Ancient

Today in Ancient History

509 BC On the Ides of September the temple of Jupiter on Rome’s Capitoline Hill was dedicated. »

Today in Ancient History

9 September 9 Arminius’ alliance of six German tribes ambushed and annihilated three Roman legions of Publius Quinctilius Varus in the Battle of Teutoburg Forest. »

The Syrian closed currency system in the Roman empire

“Most researchers believe that Egypt was the only closed currency system in the Roman world, e.g. a system in which the fluctuation of currency is restricted due to strict governmental control. In actual fact, there is another well developed closed currency system in the east, the provinces of wider Syria. The local silver coinage, the tetradrachm, was used exclusively in the markets of the Syrian cities. Their complete absence from excavations in neighbouring Asia Minor and Cyprus is prom... »

Asia Minor Epigraphy

“Anatolian society: a joint conference, July 11-12, 2011 As previously announced, the Lexicon of Greek Personal Names and Monumenta Asia Minoris Antiqua projects are holding a joint conference in Oxford on July 11-12, 2011. Please note that the venue is now Wadham College. The theme on July 11 will be Naming in Anatolia and on July 12 Roman Phrygia. Details of speakers and topics follow below. Anyone interested is most welcome to attend, but we would ask those planning to do so to inform M... »

Tribute to Kenneth Dover

“Stephen Halliwell gave a lecture on “Kenneth Dover and the Greeks” in London at the invitation of the Hellenic Society last Monday. You will be able tofind the text of the lecture online by going to the following webpage https://risweb.st-andrews.ac.uk/portal/da/persons/francis-stephen-halliwell%28393e9249-c8a9-44dd-8c2d-3ae1dedddc72%29.html then scrolling down to Activities and Awards and clicking on ‘Kenneth Dover and the Greeks’, where a pdf link will be visible... »

The Roman Monetary System

Because of radical changes in my life, it has been almost a month since I posted anything in my blog. My fighting spirit seems to be returning with a vengeance and I am preparing myself for several worthwhile debates. One piece of news that may interest you is the publication of my monograph on The Roman Monetary System. The book has been published by Cambridge University Press in February but I had a chance to look at it only last week. The description at the back of the cover seems to be accur... »

Learn how to study inscriptions!

“Classics Subject Centre Practical Epigraphy Workshop for University Lecturers/Postdoctoral staff 12-14 April 2011 Classics Centre/Ashmolean Museum, University of Oxford A Practical Epigraphy Workshop is taking place for those who are interested in developing hands-on skills in working with epigraphic material (Greek and Latin). The workshop is aimed at lecturers in post and postdoctoral status academics in UK HE institutions, whether or not they have previous experience of epigraphy. With... »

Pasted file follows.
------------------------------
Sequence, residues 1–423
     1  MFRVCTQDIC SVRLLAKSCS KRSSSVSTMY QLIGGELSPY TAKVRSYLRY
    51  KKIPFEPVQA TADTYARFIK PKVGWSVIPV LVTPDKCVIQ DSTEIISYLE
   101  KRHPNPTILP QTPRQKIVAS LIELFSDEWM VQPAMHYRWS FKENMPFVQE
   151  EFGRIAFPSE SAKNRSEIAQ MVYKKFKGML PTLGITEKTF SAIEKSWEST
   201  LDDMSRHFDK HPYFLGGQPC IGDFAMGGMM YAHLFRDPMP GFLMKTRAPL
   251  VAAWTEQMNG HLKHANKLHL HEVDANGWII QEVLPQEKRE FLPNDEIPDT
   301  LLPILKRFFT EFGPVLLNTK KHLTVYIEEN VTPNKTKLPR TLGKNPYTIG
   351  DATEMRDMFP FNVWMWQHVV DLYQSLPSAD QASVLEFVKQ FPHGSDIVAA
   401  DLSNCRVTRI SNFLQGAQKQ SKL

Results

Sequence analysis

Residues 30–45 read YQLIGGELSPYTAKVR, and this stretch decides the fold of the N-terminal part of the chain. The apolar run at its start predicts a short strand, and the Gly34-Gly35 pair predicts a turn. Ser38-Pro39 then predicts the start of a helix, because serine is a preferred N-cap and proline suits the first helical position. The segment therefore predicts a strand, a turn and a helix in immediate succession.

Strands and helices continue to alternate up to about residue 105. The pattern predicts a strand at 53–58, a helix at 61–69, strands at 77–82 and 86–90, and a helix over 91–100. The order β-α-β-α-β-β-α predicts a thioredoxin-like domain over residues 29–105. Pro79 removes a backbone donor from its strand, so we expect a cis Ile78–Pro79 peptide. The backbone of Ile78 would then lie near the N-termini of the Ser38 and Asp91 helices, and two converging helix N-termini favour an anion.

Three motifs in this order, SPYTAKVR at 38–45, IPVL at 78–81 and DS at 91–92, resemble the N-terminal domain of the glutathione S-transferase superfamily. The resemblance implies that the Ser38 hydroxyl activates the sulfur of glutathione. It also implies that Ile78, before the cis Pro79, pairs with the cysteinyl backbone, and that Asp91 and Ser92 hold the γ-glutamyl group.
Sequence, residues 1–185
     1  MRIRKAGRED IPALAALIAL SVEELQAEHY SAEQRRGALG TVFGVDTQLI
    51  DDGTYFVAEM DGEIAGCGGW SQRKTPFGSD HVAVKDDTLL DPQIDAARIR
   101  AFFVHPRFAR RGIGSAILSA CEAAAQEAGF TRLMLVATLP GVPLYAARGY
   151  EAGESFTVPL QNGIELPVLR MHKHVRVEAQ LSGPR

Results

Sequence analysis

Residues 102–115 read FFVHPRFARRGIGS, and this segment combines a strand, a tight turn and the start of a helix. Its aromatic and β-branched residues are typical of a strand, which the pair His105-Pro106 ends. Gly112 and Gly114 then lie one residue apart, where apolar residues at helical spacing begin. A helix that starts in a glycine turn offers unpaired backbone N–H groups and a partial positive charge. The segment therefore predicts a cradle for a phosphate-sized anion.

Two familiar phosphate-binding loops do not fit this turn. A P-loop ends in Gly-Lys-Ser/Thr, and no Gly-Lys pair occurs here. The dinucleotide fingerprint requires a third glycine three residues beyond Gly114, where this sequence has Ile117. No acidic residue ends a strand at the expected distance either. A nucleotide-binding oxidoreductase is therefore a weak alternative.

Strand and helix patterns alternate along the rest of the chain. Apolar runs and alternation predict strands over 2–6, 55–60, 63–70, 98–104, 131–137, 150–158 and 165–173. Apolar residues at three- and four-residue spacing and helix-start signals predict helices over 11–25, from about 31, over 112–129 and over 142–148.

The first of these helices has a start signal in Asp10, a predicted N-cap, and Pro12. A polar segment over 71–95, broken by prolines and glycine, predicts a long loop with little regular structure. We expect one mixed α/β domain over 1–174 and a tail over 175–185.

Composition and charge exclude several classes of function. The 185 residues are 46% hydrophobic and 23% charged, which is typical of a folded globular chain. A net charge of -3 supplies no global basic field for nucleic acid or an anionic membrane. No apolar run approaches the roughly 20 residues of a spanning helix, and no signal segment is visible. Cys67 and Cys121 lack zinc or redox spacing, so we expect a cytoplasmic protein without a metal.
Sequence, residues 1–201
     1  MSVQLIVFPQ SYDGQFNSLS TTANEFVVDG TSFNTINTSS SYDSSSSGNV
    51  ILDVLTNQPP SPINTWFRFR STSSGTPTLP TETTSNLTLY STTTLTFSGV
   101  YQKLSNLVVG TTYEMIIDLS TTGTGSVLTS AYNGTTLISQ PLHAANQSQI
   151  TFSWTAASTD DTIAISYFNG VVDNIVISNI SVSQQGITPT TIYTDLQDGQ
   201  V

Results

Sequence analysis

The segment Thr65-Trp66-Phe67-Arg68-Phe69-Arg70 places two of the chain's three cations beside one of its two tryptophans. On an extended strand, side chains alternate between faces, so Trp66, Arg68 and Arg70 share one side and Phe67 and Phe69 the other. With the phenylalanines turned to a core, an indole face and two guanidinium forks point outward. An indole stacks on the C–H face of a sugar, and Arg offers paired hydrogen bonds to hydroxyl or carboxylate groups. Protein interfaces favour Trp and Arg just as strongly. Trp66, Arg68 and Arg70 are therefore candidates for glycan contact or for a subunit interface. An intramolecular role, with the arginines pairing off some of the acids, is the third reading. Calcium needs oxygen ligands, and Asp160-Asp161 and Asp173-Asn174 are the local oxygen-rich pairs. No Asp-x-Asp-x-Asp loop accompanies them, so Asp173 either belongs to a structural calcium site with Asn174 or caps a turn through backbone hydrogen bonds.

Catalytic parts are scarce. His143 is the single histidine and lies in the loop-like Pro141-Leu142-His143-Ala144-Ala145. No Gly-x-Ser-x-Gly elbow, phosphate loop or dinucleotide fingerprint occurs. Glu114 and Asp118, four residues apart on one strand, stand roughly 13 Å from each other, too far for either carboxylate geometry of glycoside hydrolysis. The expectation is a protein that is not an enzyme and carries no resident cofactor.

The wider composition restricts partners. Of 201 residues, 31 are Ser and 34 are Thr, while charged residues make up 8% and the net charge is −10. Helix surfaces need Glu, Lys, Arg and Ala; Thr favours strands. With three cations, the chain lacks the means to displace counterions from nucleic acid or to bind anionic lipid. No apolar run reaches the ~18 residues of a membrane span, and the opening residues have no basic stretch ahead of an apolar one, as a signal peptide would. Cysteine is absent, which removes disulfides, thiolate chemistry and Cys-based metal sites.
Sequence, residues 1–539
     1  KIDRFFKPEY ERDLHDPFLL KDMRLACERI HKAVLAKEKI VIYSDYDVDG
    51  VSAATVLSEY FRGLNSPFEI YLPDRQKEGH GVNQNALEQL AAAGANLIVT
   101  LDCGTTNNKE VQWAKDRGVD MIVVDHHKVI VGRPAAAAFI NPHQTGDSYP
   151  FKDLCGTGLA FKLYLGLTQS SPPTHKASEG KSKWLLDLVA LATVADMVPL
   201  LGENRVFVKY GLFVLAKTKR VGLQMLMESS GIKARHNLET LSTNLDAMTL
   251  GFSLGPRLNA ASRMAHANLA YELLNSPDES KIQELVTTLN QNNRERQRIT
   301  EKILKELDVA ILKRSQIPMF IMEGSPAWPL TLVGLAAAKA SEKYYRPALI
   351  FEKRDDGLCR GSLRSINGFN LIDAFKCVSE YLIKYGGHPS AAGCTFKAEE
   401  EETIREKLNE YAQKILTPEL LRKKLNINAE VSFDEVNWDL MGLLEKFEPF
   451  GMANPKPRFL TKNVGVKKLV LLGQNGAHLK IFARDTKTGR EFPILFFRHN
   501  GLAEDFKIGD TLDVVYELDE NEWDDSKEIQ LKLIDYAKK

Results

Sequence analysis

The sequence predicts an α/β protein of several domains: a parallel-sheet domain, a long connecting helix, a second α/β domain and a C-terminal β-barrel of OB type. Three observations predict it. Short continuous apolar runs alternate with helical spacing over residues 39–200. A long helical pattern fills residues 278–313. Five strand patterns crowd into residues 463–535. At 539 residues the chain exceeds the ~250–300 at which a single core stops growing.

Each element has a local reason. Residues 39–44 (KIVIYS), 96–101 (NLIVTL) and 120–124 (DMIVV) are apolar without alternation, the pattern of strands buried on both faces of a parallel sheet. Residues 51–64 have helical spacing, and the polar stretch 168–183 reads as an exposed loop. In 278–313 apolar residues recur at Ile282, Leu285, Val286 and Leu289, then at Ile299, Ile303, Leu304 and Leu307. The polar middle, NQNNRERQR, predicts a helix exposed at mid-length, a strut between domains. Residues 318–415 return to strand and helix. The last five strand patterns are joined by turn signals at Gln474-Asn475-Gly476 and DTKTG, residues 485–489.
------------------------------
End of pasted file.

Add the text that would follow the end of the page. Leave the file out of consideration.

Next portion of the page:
Bacchae in Manchester

“A bold new version by Mike Poulton Conceived & Created by Mark Bruce and Braham Murray ‘You want to spy on the mysteries of the Bacchae?’ The new god Dionysus arrives in the city of Thebes – his birthplace – where Pentheus, the iron-willed leader of the city, refuses to recognise his divinity. Dionysus decides to show both him and the people of Thebes what it will mean to deny his power. He starts with the women, transforming them into the Bacchae… Euripi... »

Clash of the Titans

If you enjoyed the movie, you can now attend the conference. In fact, you can attend it even if you thought that the movie was not up to the usual Hollywood standards! There is no doubt on my mind that the papers will be far more interesting and thought provoking. Read the details here: “In the week of its official DVD release, the Classics Department at the University of Leeds is pleased to ‘Release the Kraken’ with a half-day colloquium on Leterrier’s Clash of the Titan... »

Epigraphy made easy

How many of you have been frustrated, when you attempted to find all the possible references to a specific Greek inscription. Well, in my cases, I have been constantly frustrated and, at some point, I almost gave up on Epigraphy. It looks like, though, the Germans suddenly appeared to save us. They created a database that relates the material from the Inscriptiones Graecae catalogues to the material from the Supplementum Epigraphicum Graecum. So, if you enter the number of the inscription as you... »

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